To improve the effectiveness of environmental investments, California will need to move away from viewing water and land management activities in the Delta primarily through the lens of the Endangered Species Act. Instead, environmental managers should allocate water and restoration funds based on greatest overall ecological returns on investments.
This does not mean abandoning threatened or endangered species, but rather refocusing recovery efforts on ecological health, based on realistic assessments of the benefits of environmental water allocations.
The ESA: old, creaky
Environmental management via the 1973 Endangered Species Act has come to dominate the interface between environmental values and extractive human water use in the western United States. But it’s a pretty frustrating interface. The statute is old and creaky – a “static law meeting a dynamic world”, to slightly paraphrase UC Berkeley’s Holly Doremus (pdf).
The ESA’s language gives a nod to overall ecosystem health:
The purposes of this Act are to provide a means whereby the ecosystems upon which endangered species and threatened species depend may be conserved…. (emphasis added)
But its implementation nevertheless tilts toward a species-centric approach rather than a broader ecosystem perspective. That leads to the situation in New Mexico’s Middle Rio Grande, for example, where we expend intense effort on providing environmental flows to a relatively small section of the river where the endangered Rio Grande silvery minnow still survives, while largely writing off vast areas of the minnow’s original native habitat because the fish had been extirpated from those stretches of river long before it was declared endangered.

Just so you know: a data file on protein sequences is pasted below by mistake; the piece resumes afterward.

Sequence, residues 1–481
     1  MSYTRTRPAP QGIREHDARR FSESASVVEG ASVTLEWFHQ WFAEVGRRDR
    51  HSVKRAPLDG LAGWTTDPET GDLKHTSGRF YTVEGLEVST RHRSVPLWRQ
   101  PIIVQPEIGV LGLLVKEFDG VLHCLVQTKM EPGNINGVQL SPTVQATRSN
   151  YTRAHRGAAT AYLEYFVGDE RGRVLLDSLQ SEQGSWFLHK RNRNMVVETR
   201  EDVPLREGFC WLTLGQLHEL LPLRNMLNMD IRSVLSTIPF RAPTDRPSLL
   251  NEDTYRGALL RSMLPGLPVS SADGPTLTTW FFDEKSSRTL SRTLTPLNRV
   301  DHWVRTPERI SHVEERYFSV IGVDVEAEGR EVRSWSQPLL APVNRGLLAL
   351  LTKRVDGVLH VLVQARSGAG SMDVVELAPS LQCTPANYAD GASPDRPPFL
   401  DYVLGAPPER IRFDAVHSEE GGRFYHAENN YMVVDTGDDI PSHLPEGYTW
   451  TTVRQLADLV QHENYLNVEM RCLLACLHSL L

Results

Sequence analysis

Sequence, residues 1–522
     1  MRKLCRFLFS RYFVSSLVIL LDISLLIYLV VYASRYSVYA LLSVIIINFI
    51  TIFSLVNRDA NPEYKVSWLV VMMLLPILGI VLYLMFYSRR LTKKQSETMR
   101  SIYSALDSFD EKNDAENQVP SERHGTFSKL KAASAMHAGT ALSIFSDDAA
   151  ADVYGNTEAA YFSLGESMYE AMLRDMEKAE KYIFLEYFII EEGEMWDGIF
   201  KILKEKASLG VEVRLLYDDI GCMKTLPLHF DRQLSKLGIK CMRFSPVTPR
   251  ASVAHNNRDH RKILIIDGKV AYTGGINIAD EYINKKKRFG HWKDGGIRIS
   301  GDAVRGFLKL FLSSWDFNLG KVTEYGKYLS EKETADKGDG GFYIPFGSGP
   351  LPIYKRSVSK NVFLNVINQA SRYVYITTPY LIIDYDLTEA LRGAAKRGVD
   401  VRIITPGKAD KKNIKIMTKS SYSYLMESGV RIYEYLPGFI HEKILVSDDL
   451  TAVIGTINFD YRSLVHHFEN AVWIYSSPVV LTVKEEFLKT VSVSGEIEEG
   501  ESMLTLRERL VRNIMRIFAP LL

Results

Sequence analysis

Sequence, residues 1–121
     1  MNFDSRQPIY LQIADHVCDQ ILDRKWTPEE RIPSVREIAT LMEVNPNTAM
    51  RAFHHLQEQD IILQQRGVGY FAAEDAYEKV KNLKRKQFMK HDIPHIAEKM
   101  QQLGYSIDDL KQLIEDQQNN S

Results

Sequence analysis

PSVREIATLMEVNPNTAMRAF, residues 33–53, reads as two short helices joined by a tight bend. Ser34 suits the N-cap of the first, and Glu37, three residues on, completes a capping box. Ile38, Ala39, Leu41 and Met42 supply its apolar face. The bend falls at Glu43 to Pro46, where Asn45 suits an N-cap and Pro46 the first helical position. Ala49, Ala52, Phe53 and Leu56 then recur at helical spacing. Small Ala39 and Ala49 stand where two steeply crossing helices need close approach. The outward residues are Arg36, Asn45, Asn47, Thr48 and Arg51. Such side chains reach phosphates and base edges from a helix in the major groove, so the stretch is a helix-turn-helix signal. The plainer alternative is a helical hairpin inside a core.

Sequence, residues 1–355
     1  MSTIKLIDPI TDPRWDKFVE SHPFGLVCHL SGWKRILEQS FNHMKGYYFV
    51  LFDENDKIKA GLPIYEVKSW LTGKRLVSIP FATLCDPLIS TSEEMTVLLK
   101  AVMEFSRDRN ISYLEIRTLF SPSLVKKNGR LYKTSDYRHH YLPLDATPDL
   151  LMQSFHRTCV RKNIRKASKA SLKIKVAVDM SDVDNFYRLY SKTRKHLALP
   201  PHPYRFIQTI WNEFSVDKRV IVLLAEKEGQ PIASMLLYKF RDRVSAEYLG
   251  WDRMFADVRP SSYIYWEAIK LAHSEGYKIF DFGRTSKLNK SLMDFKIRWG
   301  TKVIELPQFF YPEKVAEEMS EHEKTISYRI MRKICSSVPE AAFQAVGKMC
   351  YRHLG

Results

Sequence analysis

a new direction for the ESA?
The Hanak et al. piece echoes a strong thread in recent environmental policy scholarship on the ESA’s shortcomings. Here’s what my University of New Mexico colleague Melinda Harm Benson* wrote about this back in 2012:
[T]here is a need to shift management strategies from a species-centered to a systems-based approach. Chief among the shifts required will be a more integrated approach to governance that includes a willingness to reassess demands placed on ecological systems by our social systems. Building resilience will also require more proactive management efforts that support the functioning of system processes before they are endangered and on the brink of regime change.
I don’t understand the details of California’s Bay-Delta ecosystem well enough to opine on where it stands on Prof. Benson’s “brink of regime change” spectrum. But it seems as though more flexibility in defining and pursuing environmental goals there may provide some room for solutions that meet a broader range of our values and needs.
* shameless plug
Prof. Benson is in UNM’s Department of Geography and Environmental Studies, doing a lot of really interesting work in this area if you’re looking to further your education. In addition to her home base in geography, she’s also closely affiliated with our Water Resources Program, an interdisciplinary graduate program that mixes hydroscience with law and policy.
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